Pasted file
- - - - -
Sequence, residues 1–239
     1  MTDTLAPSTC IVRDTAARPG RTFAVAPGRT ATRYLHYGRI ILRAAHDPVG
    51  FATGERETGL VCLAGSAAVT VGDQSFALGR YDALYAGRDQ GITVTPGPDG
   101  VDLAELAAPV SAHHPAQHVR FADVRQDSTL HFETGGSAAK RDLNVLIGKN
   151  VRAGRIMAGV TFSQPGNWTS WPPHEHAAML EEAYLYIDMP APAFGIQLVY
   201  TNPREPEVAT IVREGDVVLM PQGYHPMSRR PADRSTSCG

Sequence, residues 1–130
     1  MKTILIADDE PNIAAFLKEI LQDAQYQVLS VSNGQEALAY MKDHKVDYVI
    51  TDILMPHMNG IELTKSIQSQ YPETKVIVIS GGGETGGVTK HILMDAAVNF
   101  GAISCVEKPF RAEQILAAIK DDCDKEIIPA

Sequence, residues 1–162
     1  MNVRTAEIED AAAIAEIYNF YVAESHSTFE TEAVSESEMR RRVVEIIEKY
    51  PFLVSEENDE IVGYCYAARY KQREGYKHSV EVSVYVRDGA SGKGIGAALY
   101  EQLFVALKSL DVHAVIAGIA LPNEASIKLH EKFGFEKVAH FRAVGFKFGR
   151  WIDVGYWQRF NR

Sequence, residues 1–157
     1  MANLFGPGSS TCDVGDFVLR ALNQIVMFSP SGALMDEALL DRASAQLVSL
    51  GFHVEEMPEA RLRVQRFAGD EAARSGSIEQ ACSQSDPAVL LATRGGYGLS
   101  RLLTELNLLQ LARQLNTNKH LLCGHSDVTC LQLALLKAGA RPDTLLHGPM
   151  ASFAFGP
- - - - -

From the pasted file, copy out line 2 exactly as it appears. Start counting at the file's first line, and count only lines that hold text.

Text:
     1  MTDTLAPSTC IVRDTAARPG RTFAVAPGRT ATRYLHYGRI ILRAAHDPVG